During the pandemic many challenges spread across social media, potentially to link individuals to one another and to bring entertainment of the individual's attempts. One such challenge was the No. See10Do10 which involves the individual doing 10 push-ups and recreating it, others included baby photos, dance challenges, and voting in candy and chocolate March Madness bracket voting.[36] Another instance, the V-pop hit "Ghen" by artists Erik and Men was remixed by lyricists Khắc Hưng and supported Vietnam's National Institute of Occupational Safety and Health to create the song "Ghen Cô Vy."[37] The song encourages listeners to wash their hands and became viral when Vietnam dancer Quang Đăng posted a dance to the song on TikTok and started the #GhenCoVyChallenge.[38] Teens have also started making TikTok videos sharing about their life in quarantine. Teens use this platform to make funny videos about life in lockdown to relate to other teens and keep them entertained. From January 2020 to March, TikTok saw a 48.3% increase in unique visitors.[39] Makeup artists on YouTube have altered their videos to produce make-up looks that work around wearing a mask to prevent the spread of the pandemic.[40]

The Actors Fund, a charitable organization posts a livestream of The Phantom of the Opera performance from London's Royal Albert Hall as a fundraiser for 48-hours in April.[41] The performance of Phoebe Waller-Bridges's stage performance of Fleabag was also used as a charity fundraiser and for entertainment.[42] Authors, musicians, actors, actresses and dancers put together many concerts, live streams of previous productions, readings, and productions that were live-streamed either for free, for an entrance fee or suggested charitable donation.[43][44]

Spreading information

Social media has been used by news outlets, organizations, and the general public to spread both valid information and misinformation about the pandemic.[45][46] The CDC, WHO, medical journals, and health care organizations have been updating and spreading information across numerous platforms with partnerships with Facebook, Google Scholar, TikTok,[47] and Twitter. Others such as an attending emergency medicine physician in the New York hospital system have been using their social media accounts to report first hand accounts of working to combat COVID-19.[36] It was reported on 8 April, that COVID-19 conversations around disease states have increased 1,000% around healthcare professionals and 2,500% among consumers based on a social listening study from 1 January to 19 March.[48] Pilot research examined whether U.S. trust in science changed between December 2019 and March 2020 after hypothesizing that the amount of public discussion and research would improve it, but the study reported a null finding.[49] For COVID-19, accurate and reliable information through social media platforms can have a crucial role in tackling infodemics, misinformation, and rumours. Additionally, real-time surveillance from social media about COVID-19 can be an important tool in the armamentarium of interventions by public health agencies and organisations.[50]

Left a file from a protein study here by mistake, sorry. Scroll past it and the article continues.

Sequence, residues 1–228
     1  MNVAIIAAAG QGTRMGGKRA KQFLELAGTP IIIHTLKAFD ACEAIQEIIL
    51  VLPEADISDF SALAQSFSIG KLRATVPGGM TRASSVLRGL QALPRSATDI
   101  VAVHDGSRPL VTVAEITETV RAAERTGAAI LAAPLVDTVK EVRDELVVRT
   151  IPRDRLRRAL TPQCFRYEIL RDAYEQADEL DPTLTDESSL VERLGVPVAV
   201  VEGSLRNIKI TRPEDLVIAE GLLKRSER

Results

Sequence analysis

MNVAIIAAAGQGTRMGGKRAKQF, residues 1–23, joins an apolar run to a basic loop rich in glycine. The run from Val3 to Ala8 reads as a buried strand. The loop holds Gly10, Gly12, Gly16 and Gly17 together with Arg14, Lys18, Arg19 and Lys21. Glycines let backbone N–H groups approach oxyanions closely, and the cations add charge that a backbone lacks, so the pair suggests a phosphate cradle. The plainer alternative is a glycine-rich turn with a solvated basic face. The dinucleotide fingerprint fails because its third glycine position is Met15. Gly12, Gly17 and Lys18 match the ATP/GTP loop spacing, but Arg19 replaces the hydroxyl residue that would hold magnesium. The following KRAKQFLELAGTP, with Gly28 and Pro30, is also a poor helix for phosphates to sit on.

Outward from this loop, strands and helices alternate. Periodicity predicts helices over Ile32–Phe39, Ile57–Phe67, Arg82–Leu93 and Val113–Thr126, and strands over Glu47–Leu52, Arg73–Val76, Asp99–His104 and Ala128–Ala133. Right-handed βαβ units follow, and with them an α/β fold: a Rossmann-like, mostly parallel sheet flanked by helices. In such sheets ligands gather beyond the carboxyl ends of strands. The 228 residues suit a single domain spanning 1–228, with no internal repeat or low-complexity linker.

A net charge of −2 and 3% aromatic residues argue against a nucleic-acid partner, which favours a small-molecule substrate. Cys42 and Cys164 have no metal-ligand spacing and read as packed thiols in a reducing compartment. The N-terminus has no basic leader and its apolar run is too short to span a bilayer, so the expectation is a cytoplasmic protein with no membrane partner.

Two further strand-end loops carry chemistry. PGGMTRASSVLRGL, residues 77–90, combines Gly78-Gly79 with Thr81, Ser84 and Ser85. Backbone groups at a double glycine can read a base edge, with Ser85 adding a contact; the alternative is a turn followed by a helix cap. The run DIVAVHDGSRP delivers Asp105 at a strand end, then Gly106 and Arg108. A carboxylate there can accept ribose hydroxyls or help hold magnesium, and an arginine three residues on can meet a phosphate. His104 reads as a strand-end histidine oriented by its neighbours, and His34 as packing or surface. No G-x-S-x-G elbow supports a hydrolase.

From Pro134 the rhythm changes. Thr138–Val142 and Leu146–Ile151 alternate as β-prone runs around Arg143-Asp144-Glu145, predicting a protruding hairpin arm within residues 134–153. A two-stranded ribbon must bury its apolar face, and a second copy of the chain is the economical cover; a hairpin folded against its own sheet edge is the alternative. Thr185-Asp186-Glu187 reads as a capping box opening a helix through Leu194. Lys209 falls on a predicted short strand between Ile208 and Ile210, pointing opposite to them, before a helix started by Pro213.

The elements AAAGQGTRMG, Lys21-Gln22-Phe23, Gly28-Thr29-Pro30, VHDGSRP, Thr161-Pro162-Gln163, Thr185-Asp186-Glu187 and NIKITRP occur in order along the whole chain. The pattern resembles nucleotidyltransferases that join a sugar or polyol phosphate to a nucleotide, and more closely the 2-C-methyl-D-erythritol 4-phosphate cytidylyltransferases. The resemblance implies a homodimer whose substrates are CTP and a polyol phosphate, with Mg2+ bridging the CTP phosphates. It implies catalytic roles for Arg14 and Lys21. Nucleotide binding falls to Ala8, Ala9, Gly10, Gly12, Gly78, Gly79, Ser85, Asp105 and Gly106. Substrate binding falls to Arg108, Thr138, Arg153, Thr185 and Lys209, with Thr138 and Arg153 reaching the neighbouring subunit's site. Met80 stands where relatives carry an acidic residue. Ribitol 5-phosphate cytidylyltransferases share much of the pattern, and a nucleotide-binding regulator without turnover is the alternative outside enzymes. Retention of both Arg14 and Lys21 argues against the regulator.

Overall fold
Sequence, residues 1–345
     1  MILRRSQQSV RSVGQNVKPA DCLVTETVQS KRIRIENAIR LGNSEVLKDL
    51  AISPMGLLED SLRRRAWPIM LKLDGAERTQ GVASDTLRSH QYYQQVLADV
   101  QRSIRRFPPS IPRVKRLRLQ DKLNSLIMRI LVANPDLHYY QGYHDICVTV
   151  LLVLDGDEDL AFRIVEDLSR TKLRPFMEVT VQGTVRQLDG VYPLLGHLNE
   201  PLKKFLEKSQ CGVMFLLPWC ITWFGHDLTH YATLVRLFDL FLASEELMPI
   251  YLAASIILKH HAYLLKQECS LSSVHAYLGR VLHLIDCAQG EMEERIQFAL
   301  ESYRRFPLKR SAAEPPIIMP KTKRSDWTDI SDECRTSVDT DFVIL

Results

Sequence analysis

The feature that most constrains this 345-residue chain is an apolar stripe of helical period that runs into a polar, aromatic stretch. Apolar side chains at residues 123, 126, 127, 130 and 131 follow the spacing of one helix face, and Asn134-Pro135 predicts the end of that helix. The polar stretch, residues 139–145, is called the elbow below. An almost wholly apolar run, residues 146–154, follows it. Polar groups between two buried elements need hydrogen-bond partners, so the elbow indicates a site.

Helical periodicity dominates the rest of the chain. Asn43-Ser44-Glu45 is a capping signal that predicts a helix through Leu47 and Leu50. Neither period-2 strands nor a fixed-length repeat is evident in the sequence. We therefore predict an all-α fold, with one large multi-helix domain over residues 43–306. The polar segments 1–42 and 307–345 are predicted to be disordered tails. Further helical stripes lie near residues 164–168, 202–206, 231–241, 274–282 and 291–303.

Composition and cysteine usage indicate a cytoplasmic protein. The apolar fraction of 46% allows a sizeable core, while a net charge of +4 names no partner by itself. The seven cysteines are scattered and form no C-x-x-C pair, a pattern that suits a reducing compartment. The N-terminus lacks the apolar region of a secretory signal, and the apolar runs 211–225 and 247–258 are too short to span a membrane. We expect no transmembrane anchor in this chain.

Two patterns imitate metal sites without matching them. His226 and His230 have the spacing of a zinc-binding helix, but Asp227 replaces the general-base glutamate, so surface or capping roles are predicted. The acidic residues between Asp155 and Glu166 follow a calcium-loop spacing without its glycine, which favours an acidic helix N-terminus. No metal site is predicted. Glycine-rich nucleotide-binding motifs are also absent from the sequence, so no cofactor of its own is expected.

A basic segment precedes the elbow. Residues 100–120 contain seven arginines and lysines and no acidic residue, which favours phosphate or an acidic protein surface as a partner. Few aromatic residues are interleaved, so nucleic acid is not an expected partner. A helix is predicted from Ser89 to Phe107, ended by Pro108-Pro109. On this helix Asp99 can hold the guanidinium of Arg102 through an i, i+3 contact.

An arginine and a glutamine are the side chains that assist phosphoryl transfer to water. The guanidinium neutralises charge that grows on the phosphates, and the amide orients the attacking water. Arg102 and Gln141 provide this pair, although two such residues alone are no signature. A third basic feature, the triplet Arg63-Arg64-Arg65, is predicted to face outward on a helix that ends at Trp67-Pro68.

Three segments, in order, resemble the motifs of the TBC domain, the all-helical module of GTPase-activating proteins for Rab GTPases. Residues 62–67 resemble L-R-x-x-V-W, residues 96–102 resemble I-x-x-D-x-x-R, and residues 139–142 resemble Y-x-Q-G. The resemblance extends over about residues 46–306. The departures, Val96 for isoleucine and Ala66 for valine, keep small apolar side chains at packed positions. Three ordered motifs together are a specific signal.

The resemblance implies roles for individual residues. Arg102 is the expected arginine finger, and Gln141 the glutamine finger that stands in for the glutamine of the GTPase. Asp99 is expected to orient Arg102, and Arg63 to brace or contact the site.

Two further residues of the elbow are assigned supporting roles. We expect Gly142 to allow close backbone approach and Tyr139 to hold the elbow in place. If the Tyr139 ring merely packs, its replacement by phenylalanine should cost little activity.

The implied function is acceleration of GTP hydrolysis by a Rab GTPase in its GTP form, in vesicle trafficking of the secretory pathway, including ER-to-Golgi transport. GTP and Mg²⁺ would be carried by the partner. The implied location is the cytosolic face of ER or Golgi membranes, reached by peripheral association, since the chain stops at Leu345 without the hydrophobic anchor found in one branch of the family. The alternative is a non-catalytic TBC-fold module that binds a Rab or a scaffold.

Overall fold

Doctors are also joining groups on social media to spread information about treating the disease[51] with one group on Facebook, the PMG COVID-19 Subgroup on Facebook reporting some 30,000 members worldwide by the end of March. Another group, Physician Moms Group, which was started five years prior to the pandemic had so many people wanting to join the 70,000 strong group that Facebook click-to-join code broke and 10,000 additional doctors waited for it to be fixed. The groups have allowed medical professionals to collaborate with one another, gather information and help direct supplies to hospitals that need them.[52]

Medical professionals have also used social media in an effort to educate the general population about the impact of working in PPE for upwards of twelve-hour shifts, utilizing a trend that showcased their faces after their shifts and their masks are removed. Many of the individuals who participated had bruises, indents, redness and even bandaids covering blisters formed by the masks sitting tight on their faces for hours.[53] Social Media has also been used to provide audio and video "diaries" of the pandemic as it has unfolded. Podcasts such as Coronavirus Today provide time stamped updates. The video library A Doctor in The Pandemic is another example.[54]

On the other hand, social media is very important for governments during the pandemic. The Chinese government uses social media to publish scientific knowledge about COVID-19 and uses common language to help people understand it. In Australia, health authorities used social media to target younger demographics with COVID-19 information, however, they rarely used platforms that young people frequently used like Instagram and TikTok.[55] Researchers find that if governments can use social media correctly, they can decrease the panic of people and help society to remain stable. The government should take the initiative to guide the public in popular language on social media to reduce the spread of misinformation and help maintain social stability and reduce panic before misinformation is spread widely. People should also trust official information based on evidence.[56]

The national library of medicine found that social media had a mostly positive influence on the pandemic by raising awareness of new rules, information and safety instructions. This usage promoted health all around the internet and gave "normal people" platforms to share their experiences in the pandemic and what was helping them. In many ways, Instagram stories and things like that allowed people to connect easily and see guidelines from reputable sources because they could be shared so quickly.[citation needed]